We just got our hands on an invitation to try Inbox by GMail.
Inbox is a great tool that reinvents the way of interacting with e-mail, but you can read about that elsewhere. We are going to focus exclusively on the little details included in its awesome interface.
TL;DR Inbox does a lot of things extremely well.
"This e-mail is your invitation"
Where do you introduce your invitation code? You don't:
As long as this email is in your Gmail, you can download the app and activate Inbox by Gmail on that account.
If you don’t want this invitation, pass it on to a friend by forwarding this email.
It makes sense that your e-mail application should be able to detect the invitation in your inbox. It works like a charm, and is a simple solution when ending up with multiple invitations.
Nothing will simply appear on the screen, as transitions have taken the place and are running wild. Much Material. So Design.
The result feels natural: from the new interface 'Path-style' to the horizontal sliders, everything contributes to produce a polished experience.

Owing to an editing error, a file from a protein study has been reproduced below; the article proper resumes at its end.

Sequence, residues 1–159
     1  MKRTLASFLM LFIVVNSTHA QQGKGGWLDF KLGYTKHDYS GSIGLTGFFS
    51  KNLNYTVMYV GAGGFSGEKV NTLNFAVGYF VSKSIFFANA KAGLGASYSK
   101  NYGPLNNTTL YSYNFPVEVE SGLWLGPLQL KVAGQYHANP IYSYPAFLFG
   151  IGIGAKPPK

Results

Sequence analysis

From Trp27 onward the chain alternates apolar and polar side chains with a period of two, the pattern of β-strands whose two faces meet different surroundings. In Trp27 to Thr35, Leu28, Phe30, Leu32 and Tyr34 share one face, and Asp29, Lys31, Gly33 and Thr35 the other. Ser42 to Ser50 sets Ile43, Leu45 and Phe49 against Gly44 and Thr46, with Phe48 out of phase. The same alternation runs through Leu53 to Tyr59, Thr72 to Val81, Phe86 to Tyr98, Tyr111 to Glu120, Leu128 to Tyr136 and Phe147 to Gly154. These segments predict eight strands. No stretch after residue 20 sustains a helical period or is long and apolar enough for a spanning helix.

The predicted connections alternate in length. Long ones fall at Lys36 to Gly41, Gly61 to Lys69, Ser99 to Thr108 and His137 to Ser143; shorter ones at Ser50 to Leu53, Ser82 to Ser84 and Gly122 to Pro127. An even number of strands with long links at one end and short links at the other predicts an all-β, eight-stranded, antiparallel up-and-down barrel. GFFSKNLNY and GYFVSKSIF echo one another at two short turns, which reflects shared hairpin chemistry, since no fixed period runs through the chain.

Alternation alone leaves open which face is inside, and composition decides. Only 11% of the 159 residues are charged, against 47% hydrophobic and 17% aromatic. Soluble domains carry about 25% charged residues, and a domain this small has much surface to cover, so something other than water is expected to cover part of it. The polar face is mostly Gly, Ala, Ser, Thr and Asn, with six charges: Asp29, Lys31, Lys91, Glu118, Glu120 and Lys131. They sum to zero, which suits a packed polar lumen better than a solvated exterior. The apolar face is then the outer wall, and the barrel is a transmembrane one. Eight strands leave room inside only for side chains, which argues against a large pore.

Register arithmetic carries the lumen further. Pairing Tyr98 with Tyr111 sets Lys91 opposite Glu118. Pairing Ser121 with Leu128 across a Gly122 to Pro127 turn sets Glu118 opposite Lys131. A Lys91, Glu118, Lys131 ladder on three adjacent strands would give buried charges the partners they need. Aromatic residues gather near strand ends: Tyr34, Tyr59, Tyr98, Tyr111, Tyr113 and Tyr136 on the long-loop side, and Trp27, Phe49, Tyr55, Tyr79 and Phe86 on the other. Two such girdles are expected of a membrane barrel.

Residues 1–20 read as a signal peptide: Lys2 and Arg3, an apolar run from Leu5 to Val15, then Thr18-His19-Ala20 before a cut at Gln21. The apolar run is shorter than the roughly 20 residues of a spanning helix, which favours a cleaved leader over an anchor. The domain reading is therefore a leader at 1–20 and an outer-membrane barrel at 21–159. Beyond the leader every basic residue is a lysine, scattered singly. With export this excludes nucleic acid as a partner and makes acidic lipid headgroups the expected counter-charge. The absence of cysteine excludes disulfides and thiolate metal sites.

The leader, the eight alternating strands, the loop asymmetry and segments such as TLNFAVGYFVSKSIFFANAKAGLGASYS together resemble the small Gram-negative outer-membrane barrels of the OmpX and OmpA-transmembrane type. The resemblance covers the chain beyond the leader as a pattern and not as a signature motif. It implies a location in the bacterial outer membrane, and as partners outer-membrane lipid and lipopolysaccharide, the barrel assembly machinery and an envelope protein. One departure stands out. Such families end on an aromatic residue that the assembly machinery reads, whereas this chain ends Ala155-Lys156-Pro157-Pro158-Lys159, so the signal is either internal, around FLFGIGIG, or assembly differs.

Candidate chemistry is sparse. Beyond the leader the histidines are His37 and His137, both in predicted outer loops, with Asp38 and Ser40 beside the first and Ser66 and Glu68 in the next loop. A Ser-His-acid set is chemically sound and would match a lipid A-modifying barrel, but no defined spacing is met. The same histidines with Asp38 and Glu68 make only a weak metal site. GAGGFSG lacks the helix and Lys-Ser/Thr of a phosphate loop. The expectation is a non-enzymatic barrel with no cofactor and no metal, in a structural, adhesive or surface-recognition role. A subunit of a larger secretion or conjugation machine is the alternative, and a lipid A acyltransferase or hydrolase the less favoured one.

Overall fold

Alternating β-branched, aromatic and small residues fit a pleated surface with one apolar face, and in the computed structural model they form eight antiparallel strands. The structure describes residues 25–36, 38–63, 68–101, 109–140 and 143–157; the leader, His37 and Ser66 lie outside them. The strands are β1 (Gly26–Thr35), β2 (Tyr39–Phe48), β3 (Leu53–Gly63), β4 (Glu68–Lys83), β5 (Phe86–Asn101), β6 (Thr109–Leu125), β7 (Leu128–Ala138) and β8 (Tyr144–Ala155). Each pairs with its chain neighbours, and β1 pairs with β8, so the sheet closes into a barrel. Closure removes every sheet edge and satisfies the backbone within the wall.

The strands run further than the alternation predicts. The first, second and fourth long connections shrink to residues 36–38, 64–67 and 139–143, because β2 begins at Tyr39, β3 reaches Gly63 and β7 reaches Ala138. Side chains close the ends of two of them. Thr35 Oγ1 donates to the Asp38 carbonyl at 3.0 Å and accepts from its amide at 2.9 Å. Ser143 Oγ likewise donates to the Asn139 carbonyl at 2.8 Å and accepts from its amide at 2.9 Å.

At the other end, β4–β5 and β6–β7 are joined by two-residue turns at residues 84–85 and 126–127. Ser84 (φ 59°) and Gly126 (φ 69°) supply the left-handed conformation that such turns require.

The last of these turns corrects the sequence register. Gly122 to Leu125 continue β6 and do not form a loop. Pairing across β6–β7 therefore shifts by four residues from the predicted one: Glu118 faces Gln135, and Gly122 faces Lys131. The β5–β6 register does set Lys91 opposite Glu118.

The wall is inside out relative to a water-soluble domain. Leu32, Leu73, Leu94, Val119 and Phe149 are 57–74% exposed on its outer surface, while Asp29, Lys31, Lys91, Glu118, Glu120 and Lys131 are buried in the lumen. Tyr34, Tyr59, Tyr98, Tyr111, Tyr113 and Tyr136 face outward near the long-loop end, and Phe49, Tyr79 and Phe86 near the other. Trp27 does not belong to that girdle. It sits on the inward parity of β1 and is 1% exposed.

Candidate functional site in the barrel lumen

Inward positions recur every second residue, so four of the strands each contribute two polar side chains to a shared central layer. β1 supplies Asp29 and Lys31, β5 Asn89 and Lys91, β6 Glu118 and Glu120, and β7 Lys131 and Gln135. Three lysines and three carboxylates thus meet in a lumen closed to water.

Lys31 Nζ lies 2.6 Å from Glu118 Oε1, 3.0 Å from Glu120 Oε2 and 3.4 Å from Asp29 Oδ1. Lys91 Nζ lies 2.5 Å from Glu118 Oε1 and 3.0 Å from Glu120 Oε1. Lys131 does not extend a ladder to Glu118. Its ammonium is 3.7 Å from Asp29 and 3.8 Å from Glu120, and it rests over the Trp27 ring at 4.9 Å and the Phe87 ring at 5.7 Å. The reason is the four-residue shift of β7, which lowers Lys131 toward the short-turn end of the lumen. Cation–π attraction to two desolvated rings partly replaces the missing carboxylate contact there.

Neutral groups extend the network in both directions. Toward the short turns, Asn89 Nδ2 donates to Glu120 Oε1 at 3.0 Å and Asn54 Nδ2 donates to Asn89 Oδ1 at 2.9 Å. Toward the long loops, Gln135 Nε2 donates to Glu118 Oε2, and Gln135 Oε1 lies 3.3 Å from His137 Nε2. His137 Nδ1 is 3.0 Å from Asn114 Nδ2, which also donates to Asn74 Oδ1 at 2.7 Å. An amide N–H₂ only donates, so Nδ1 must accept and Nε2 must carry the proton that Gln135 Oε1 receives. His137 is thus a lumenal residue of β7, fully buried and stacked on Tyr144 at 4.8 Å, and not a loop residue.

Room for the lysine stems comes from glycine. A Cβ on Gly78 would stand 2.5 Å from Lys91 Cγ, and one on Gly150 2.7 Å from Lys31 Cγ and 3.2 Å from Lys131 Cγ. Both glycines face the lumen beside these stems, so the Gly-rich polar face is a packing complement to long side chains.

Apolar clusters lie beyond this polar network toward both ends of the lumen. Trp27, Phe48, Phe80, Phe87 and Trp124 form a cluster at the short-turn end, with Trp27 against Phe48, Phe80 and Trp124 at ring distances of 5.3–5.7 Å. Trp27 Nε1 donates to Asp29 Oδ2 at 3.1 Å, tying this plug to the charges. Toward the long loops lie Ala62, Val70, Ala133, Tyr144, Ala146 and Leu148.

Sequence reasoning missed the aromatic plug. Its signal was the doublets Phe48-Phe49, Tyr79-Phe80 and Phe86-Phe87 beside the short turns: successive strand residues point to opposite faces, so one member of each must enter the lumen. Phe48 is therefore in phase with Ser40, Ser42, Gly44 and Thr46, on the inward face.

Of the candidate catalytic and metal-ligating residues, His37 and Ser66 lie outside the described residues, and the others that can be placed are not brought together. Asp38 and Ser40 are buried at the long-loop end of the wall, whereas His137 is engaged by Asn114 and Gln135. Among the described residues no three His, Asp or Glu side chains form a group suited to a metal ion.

There is so much difference from the traditional e-mail app that you can find a contextual onboarding process for almost everything.
Pull to refresh
The refresh icon will change size, color and even the arrow head as it's being pulled. Inside a bundle the associated action will change, though: from "refresh" to "return to inbox". Pulling a message up or down will also return to the inbox.
This app really shines in the small details.
Meanwhile, in the web...
Inbox comes in three flavors: Android, iOS and a Chrome App. Being super excited with the Android app, we decided to give Chrome a try.
And... it's not the same thing: for starters, the application will display something almost instantaneously, only to keep downloading up to 1.7MB during the next 60 seconds. As a point of comparison, GMail downloads 600KB in 20s. With an empty cache, both applications are approximately the same (6MB).
All things considered, this is a first release and GMail had ten years to improve performance.
This is probably the most impressive thing ever written in GWT to date. Even with this size the performance feels mostly OK, but less smooth than the native version.
The design is fluent but not responsive. Maybe it's not that important for a Chrome App, as Inbox does not pretend to be a responsive website. Native mobile and Chrome apps (and no website) is a perspective that you don't see often, so it's hard to compare.
As expected, there are still a couple of features missing: Google Apps accounts are not supported at this time and you cannot undo send, which can be a showstopper for some. Still, as first impressions go, this is a hell of a first release.